Wednesday, July 24, 2024

Biden Raises $25M in 'Historic' Fundraiser, Joins Obama, Clinton

In a show of force that his campaign is calling “the most successful political fundraiser in American history,” President Biden is set to raise more than $25 million during a New York event featuring former presidents Barack Obama and Bill Clinton.

More than 5,000 people are expected to attend the sold-out event at New York's Radio City Music Hall, with guests paying between $225 and $500,000, according to Biden's campaign. The massive pullback comes as Biden and his allies seek to project their growing financial advantage as a broad sign of strength and momentum in the race against former President Donald Trump.

High-paying donors at the event will receive perks like photos with the three presidents. Acclaimed photographer Annie Leibovitz has been tapped to snap donor portraits with Biden, Clinton and Obama.

“This historic raise shows strong enthusiasm for President Biden and Vice President Harris and is a testament to the unprecedented fundraising engine we've built,” Hollywood mogul Jeffrey Katzenberg, campaign co-chairman, said in a statement. “Unlike our opponent, every dollar we raise is going to reach the voters who will decide this election — clarifying the president's historic record, his vision for the future, and the stakes of this election.” It's an attack on Trump, the presumptive Republican nominee, and a fundraiser to cover his legal costs.

The event ramps up campaign activity for Biden in the wake of his fiery March 7 State of the Union address, and is the latest push by the president's allies to address concerns about his aging and approval ratings. Biden is 81 and Trump is 77.

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If Democratic voters are wary of Biden's political stance, the star-studded event in New York is designed to provide a cheerful counterpoint to the malaise. It will feature musical guests including Queen Latifah, Lizo and Ben Platt. Mindy Kaling will serve as host. An after party for 500 VIP guests will be co-hosted by First Lady Jill Biden and DJ T-Nice.

In the evening's main event, comedian Stephen Colbert will host a conversation between Biden, Obama and Clinton.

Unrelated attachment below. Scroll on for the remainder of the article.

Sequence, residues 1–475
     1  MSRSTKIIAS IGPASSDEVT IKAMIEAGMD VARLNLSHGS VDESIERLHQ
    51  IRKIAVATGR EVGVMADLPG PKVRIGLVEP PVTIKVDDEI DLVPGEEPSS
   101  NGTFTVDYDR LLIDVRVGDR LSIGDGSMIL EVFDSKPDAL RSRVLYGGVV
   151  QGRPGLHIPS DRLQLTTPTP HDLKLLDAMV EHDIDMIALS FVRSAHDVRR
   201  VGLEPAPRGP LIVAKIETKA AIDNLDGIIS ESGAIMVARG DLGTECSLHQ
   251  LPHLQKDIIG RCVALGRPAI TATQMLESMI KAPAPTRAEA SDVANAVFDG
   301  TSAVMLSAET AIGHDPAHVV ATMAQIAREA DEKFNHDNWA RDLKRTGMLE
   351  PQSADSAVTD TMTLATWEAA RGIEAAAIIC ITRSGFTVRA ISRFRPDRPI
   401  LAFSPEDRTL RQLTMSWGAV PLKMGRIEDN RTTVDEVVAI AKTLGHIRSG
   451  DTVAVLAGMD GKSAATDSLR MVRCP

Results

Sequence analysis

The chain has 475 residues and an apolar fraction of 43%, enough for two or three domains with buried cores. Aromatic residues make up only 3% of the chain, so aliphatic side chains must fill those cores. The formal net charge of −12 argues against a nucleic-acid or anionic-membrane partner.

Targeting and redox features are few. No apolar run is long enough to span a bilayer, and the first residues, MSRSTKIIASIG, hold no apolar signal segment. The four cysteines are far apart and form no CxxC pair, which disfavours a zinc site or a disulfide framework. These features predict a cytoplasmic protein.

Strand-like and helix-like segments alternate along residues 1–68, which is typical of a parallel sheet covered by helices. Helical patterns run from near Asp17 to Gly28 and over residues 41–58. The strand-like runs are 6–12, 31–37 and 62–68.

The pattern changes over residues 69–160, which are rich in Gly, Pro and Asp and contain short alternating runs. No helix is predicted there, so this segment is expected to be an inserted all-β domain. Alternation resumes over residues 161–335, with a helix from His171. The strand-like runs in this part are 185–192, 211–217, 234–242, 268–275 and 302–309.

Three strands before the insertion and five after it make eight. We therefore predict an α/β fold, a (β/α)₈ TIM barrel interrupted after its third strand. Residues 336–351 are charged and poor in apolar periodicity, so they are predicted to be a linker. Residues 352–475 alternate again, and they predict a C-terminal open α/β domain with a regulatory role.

The Biden campaign has begun relying more on Obama to boost its fundraising in recent months, with the former president visiting the White House last year to express concerns about the state of the race. In a private lunch with Biden, Obama urged Biden to strengthen his campaign apparatus and go more aggressively to block Trump's planned march to the White House.

Fundraising efforts featuring Obama or his signature have already netted Democrats $15.4 million, Biden officials said. They said Obama participated in a “Meet the President” fundraiser in December that raised nearly $3 million.

Biden has used Obama as a sounding board, as both see preventing Trump from returning to the White House as key to preserving their own political legacies.

“Given the stakes of this election, President Obama will do everything in his power to support President Biden's re-election,” Eric Schultz, a senior adviser to Obama, said in a statement, adding that the former president will help undercut Democrats this year. . “Our strategy is based on driver impact, specifically where and when his voice helps move the needle.”

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While some Trump aides have acknowledged the need to close the fundraising gap — Trump's campaign raised $20 million in February, compared to $53 million for Biden — they dismiss the Biden-Obama-Clinton event as a gathering of establishment politicians with shoddy records.

“Three people responsible for death, destruction and misery around the world,” Trump spokesman Steven Cheung responded to Biden's post on X.

Trump himself has indirectly narrowed the money gap, accusing Biden without evidence of targeting him for political reasons. Trump said earlier this week that Democrats were determined to use the legal system to “try to take as much of his money as possible.”

Trump has often boasted that he won the 2016 presidential election despite being outspent by Democratic nominee Hillary Clinton, and has pointed to polls showing him leading Biden in key battleground races and nationally. While Biden appears to be winning in some recent polls, Trump's consistently strong polling position is a constant source of Democratic concern.

However, Trump recently moved to reshuffle the leadership of the Republican National Committee as his campaign trailed Biden on the money front.

Last week the Biden campaign reported $71 million in cash at the end of February, more than double the $33.5 million reported by Trump's campaign. Trump has spent tens of millions of dollars on his legal troubles, which include criminal charges and civil lawsuits.

Biden's aides tried to highlight that contrast as evidence that their campaign was rolling during Trump's establishment. The Biden team announced plans to open more than 100 offices this month and launched a $30 million spring advertising campaign in key states.

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The $25 million event in New York will further enhance Biden's ability to sell his message to voters. Besides the 5,000 participants, thousands of donors have registered to watch the show online.

Tyler Pager contributed to this report.

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